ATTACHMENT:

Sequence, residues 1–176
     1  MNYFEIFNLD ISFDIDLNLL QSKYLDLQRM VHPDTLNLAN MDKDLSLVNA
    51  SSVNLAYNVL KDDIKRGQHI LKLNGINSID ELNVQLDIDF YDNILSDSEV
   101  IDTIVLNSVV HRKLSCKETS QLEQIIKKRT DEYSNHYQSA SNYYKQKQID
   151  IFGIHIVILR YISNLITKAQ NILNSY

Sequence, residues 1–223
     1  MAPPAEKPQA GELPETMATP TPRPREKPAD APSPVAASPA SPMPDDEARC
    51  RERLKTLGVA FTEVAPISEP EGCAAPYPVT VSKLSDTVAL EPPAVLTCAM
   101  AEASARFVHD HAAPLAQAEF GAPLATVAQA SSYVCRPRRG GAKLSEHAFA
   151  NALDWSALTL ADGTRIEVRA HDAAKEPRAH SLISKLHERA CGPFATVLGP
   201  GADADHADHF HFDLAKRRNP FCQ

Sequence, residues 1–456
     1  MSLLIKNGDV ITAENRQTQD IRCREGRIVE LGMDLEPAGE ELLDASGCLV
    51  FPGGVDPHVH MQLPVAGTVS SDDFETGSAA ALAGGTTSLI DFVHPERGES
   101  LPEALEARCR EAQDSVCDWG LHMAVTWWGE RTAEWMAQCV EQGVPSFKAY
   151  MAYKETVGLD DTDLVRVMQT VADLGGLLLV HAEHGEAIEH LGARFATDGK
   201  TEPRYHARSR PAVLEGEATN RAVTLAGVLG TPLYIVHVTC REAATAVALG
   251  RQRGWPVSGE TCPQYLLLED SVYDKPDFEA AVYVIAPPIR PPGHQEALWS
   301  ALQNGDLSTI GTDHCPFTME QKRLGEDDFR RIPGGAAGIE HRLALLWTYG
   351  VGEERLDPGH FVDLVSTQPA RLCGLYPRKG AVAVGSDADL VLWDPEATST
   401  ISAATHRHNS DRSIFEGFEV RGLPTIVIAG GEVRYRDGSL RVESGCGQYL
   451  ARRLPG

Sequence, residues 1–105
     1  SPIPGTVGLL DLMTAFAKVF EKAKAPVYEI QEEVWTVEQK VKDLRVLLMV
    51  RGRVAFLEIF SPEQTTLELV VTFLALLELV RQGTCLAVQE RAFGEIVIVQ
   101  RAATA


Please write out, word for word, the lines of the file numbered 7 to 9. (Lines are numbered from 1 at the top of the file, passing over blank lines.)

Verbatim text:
     1  MAPPAEKPQA GELPETMATP TPRPREKPAD APSPVAASPA SPMPDDEARC
    51  RERLKTLGVA FTEVAPISEP EGCAAPYPVT VSKLSDTVAL EPPAVLTCAM
   101  AEASARFVHD HAAPLAQAEF GAPLATVAQA SSYVCRPRRG GAKLSEHAFA